Military service helped bring clarity to one man’s future career path
Sometimes students find themselves questioning where college might take them. After spending two years at Kansas State University, Spencer Mitchell was trying to figure out what his next move should be.
A calling to serve a greater purpose during his time away from college lead him to enlist in the United States Army.
The experience allowed Mitchell, a former Army sergeant, to traveled the world while serving from 2014 to 2019. He was based out of Fort Bliss, Texas, and worked hard to ensure that the soldiers under his leadership thrived in their environment.
After leaving the service, Mitchell decided to move back to Kansas and attend Washburn University for his undergraduate degree with hopes to continue his education through law school, and perhaps even practicing as an attorney for the United States Army.
“There are certain aspects of being in the Army that I really miss,” said Mitchell. “Becoming a JAG attorney is a viable option to continue to pursue my personal career goals while also giving me back some of those things that I miss. I wouldn’t say that it is my primary goal after law school, but it is an option.”
Mitchell worked hard during his military service to communicate and maintain his relationships with family and friends who were back home while he was away. He made lasting connections with many soldiers from his time serving alongside them.
“Spending every waking moment with them, such as exercising and sleeping 16 inches apart, allows you to get know them unlike in the civilian world where you don’t have that opportunity,” Mitchell said.
Mitchell honed his leadership skills during his service, first, as section leader and later as a squad leader. He helped his soldiers grow while keeping them in line. Often Mitchell compared his leadership style to being the older brother to his soldiers, praising them when they hit milestones and accomplishments and being stern when they made a mistake or broke the rules.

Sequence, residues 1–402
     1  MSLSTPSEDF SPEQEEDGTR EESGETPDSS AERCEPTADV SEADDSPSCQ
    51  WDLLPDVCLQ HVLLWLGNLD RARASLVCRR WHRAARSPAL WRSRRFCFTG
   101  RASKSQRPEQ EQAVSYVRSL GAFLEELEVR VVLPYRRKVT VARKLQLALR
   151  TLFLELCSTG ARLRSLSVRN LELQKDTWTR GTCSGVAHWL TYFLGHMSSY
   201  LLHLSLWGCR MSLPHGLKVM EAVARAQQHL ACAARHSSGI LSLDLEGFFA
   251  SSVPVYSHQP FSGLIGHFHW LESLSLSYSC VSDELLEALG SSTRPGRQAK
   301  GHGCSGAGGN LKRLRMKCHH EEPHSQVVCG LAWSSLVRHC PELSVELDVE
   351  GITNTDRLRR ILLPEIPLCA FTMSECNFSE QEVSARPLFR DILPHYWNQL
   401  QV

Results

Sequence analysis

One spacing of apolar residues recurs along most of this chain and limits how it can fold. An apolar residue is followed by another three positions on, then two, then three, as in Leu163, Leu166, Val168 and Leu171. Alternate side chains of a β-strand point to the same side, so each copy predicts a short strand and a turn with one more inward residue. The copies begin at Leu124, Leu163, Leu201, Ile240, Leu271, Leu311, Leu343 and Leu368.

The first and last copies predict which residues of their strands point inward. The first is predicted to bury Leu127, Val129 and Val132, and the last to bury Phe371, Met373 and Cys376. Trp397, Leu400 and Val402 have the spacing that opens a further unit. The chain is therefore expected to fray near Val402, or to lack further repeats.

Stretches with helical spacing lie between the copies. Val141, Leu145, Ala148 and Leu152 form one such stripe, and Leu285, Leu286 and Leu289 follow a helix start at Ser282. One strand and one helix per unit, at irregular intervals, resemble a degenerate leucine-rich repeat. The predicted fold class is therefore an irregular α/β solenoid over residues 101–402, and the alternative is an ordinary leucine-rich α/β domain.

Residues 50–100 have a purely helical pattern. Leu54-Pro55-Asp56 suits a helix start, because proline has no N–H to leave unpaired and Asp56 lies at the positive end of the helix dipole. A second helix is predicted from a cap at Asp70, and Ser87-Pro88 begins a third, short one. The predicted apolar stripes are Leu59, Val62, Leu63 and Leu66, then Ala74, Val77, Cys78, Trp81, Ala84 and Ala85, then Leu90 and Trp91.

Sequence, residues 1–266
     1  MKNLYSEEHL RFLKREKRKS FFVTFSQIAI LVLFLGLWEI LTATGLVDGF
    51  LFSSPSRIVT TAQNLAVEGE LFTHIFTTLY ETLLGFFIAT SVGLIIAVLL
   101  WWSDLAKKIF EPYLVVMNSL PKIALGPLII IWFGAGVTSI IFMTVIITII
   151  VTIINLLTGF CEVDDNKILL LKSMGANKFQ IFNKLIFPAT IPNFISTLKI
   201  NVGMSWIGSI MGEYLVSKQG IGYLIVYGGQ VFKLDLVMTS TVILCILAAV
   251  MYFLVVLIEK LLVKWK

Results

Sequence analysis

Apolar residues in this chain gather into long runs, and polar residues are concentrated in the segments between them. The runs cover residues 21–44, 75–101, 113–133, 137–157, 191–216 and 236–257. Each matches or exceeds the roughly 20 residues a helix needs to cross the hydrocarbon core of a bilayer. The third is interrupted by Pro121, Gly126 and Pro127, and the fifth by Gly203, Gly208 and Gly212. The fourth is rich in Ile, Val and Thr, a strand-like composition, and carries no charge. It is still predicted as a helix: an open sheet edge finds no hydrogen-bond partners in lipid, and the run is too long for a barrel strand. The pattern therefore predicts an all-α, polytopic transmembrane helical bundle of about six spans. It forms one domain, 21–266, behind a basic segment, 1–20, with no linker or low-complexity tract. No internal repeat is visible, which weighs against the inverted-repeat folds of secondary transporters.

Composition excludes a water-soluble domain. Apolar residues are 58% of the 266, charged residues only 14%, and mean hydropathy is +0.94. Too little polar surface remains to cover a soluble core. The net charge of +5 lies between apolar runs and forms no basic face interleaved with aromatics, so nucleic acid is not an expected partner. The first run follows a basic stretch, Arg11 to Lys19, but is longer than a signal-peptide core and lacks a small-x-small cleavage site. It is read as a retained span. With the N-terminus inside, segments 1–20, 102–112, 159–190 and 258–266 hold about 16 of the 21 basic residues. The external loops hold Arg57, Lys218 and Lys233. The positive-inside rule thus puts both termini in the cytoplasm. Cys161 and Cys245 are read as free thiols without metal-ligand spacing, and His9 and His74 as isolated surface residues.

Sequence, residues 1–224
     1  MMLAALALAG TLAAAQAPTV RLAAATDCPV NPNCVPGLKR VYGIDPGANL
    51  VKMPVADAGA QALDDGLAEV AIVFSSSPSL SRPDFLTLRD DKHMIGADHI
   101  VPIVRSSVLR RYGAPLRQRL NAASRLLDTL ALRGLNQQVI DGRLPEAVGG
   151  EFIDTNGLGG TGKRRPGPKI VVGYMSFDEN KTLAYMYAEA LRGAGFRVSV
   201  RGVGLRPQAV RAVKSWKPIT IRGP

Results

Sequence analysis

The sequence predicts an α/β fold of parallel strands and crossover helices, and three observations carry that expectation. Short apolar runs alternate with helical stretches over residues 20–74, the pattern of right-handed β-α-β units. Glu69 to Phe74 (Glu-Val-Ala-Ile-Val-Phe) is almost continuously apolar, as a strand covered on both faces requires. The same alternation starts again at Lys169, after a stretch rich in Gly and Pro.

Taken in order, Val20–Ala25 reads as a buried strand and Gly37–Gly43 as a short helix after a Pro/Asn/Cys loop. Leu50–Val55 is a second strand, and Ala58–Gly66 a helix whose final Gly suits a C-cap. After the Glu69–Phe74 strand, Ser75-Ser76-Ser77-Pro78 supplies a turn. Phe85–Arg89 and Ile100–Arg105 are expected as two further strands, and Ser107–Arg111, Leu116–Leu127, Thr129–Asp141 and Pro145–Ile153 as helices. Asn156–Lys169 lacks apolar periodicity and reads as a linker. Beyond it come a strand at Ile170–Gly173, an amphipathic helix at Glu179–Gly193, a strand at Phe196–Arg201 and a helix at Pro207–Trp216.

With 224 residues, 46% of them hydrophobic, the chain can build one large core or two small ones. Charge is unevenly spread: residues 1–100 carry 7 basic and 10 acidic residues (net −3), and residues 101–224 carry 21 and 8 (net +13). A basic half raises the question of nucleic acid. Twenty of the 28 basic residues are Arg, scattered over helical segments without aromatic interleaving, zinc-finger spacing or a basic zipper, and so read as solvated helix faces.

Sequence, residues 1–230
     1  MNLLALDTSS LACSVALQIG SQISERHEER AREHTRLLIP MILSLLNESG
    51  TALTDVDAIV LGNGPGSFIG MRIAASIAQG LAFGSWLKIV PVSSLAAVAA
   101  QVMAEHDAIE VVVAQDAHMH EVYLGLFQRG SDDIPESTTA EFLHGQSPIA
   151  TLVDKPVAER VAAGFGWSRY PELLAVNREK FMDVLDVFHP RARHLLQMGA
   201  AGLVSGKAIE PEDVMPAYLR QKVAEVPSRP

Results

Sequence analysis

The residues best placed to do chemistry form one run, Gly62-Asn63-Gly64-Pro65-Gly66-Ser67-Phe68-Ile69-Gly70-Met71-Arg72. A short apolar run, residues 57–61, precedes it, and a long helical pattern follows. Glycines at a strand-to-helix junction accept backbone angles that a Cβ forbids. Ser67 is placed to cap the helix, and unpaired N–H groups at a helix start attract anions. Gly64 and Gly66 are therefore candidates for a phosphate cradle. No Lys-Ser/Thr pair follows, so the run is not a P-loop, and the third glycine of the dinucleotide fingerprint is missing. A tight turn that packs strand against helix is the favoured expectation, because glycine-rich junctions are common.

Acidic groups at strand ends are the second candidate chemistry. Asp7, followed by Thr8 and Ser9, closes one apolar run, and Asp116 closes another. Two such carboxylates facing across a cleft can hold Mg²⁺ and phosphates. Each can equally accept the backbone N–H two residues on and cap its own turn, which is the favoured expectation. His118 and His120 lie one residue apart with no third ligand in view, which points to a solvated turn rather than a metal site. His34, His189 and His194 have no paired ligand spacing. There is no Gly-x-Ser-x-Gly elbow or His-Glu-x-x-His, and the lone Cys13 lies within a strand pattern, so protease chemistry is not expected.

“I had to act like a dad or a strict big brother, although I was 25,” Mitchell said.
Mitchell was quick on his feet and able to handle the tasks he was given quickly and correctly as ordered to him by his higher-ups.
“He is a very intelligent person,” said Josh Ball, a fellow soldier. “And, he was intelligent on the job.”
When deployed to places like Ethiopia, Djibouti or South Korea, Mitchell always knew how to make the best of the situation even when he was lying on a cot five feet away from the next soldier. Those moments while deployed, Mitchell said, were the most enjoyable part for him while in the military.
Currently, Mitchell is a senior at Washburn University pursuing a degree in public administration with the hopes of attending Washburn Law School after graduation. He loves Topeka, Washburn, and still living somewhat close to home. He is originally from Wakefield, Kansas.
Being in the Army made it difficult for Mitchell to communicate with friends and family back home, so now that he is home, he’s able to work on those relationships and keep in close contact with them. His friends, Andrew Parker and Ball, who served with him, still talk to him almost daily.
Ball and Mitchell enjoy catching up on life and having a good laugh about how things used to be, and Parker calls Mitchell whenever he needs some advice. Parker said that Mitchell is always willing to listen to him.
As time has passed after the military, the transition to a civilian and a student has become easier for Mitchell. Originally, it was challenging as he was used to having such a strict schedule and way of life, but now he is learning to enjoy the time he has and live a regular civilian life. Overall, Mitchell is enjoying the life of a regular college student and is excited to see what his future holds.
Mitchell’s experience in the military had some great times but also posed some challenges for him, but he made the best of the situation and emerged with two promotions, which showed him that his hard work and dedication paid off. Mitchell’s time in the military allowed him to find his passion for his future career as a military attorney.
“Joining the Army was the best decision I’ve ever made,” said Mitchell. “But it’s not for everyone. You shouldn’t join because it’s cool or because you don’t know what else to do. You should join because it’s what you WANT to do and because you want to be a part of something bigger than yourself.”